Tuesday, October 8, 2013

What's the waiting period for writing about divorce?

What's the waiting period for writing about a divorce?

I don't want to write a memoir. Just something. Some words put down on paper or hammered out on the keyboard. I'm not looking to pen a nonfiction retelling of the past twenty years and all the ways I fucked up. No, I much prefer weaving bits and pieces of myself into my fiction, hidden carefully so no one who knows me will suspect the neuroses belong to me.

Thankfully, He doesn't know my pen name, so I suppose I can write whatever I please, whenever I like. Let's start now.

He and I signed divorce papers on Wednesday, September 25th. 61 days later, we'll be divorced. Happy Fucking Thanksgiving, to me.

Twenty years of marriage deleted, splattered with Wite Out, bleached out like a blemish on His finely lined forehead. When I asked him if it felt like a big deal...signing away twenty years of our lives, he replied, "No, not really. But then I don't get all emotional about stuff."

Too true. And I, of course, am too emotional: one of the reasons he wanted a divorce in the first place. I believe his words were something like, "I'm sick of riding the *emotional roller coaster. I want off."

What I didn't understand was the timing. Why live with an emotional roller coaster (me) for twenty years then suddenly decide you want to hop off the ride?

Did you guess "shiny, new girlfriend?" If so, you're our winner! Ding! Ding! Ding!

So you know, I'm not usually this cynical, but if I don't learn to laugh at myself and scoff at his reasoning, I'll go insane.
Then there is his choice of  new woman. One of my best friends. Or, so I thought.

Let's call her Bambi.

Bambi and I became fast friends at age twelve on the first day of that well-known horror called junior high. For the next eight years, we shared crushes, cookie dough, and clothes. We fixed each other's hair and make-up. We argued over who was the hottest New Kid on the Block. When one of us asked if the new dress our mom bought made us look like the world's biggest nerd, we lied and said, "Of course not! You should be on the cover of Seventeen."

We exchanged secrets and vowed to carry them to our graves. She's the only person who didn't think my infatuation with and determination to marry Him was a futile quest. She believed, right along with me, that one day he'd be standing at the altar watching me walk up the aisle. We both knew he would totally rock a tux. I met Him in seventh grade study hall. We were twelve. I had bad hair, bad skin, and braces. He had the most amazing hazel eyes I'd ever seen. Then, he smiled. And I fell.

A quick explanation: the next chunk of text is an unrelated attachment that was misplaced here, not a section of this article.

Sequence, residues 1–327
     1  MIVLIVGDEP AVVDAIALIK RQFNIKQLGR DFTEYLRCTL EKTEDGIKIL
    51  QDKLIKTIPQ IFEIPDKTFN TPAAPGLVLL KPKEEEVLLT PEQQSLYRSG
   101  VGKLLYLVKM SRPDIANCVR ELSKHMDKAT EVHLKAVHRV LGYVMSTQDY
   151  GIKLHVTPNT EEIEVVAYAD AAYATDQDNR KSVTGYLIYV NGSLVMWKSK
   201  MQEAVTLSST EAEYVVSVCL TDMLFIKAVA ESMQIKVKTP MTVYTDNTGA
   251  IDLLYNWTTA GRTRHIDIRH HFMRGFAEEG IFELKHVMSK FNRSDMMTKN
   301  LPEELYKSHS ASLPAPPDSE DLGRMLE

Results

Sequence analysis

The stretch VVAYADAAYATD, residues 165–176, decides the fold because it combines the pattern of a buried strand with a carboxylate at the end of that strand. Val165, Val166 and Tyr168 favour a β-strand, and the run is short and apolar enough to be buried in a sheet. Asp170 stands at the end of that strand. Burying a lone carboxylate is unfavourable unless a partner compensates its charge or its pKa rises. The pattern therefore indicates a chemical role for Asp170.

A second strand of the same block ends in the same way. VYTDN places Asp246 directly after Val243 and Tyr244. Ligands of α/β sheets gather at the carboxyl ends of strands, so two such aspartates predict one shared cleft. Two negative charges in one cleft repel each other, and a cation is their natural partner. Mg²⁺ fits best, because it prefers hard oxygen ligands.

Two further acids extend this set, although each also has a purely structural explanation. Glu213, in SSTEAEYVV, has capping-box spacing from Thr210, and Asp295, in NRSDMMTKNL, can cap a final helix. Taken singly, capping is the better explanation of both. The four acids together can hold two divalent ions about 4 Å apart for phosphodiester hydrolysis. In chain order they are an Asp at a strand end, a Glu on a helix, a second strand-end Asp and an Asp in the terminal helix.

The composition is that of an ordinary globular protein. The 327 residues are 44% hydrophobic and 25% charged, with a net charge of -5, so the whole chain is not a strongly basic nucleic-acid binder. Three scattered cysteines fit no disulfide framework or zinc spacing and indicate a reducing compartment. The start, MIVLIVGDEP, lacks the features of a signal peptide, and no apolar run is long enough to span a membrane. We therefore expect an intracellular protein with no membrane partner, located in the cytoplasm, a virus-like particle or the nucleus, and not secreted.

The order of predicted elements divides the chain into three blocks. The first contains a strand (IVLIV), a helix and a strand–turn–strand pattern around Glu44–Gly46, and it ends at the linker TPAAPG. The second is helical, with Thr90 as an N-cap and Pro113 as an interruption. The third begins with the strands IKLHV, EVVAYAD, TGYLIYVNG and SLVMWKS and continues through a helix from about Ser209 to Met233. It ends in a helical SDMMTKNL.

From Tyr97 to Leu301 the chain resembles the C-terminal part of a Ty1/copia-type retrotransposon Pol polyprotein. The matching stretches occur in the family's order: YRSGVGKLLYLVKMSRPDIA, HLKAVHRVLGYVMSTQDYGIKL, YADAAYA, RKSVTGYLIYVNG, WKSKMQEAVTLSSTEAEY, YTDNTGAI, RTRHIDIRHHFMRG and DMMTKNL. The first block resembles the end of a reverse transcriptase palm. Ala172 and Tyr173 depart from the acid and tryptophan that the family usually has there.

Four years later, he succumbed to my charms. Okay, so more likely, he was simply tired of saying, "Please stop following me around like a puppy dog." Yes, I was that pathetic. He was my first boyfriend and my last. My first kiss and my last.

Three years later, the **monster I called, "Daddy," walked me down the aisle. Bambi was my bridesmaid. Two years later, I was hers.

Funny thing is, I'm not hurt by his choice of shiny new girlfriend. I'm hurt by her choice, her decision to set aside the sisterhood of friendship and fall into his arms.

You see, friendships became my life raft over this past year. On October 6, 2012, I decided to die. Why? Because he said we were never, ever, ever getting back together. I told myself a dead mother is better than a depressed mother, and I started writing letters. I prepared myself to walk away from life, my kids, everything, because He walked away from me.

Yeah, I know I was stupid, but thanks for verifying it.

 I swallowed every pill I could find. In the backyard, He had set up a tent to test its waterproof-ness. I climbed inside and laid down, presumably for the last time. I don't remember anything else. I'm told he came home with our kids. They saw me weaving through the house. Next stop: ER. I recall drinking charcoal. Beyond that, I have no recollection of October 6-9th. My first moment of clarity came in the hospital on October 10th: "Well, damn. Guess that didn't work."

A few days later, still in the hospital, I began to feel grateful. I couldn't fathom why I was still here, but I decided to have a go at the Life thing one more time. And here I am, one year later, still giving Life a go.

Violet Gray

*emotional roller coaster - His term for bipolar disorder, which I have.
**monster - the man who abused me sexually, physically, verbally, and emotionally


  1. You are strong, a survivor. I am proud of you for all you have learned. You are loved and cherished and adored by your children. Sometimes we outgrow our closest friends. I do not understand why, but I have learned that it is okay. When we enter a new time in our life, we oftentimes, need new friends who fit in a way our old friend just can not. I am happy to be a part of your future. The stronger, happier, smarter...you.

    1. Thank you so much! I've not thought of it that way...outgrowing my friends, but yes, I suppose that is true. I'm doing what I can to move forward, and new friends are always welcome. :-)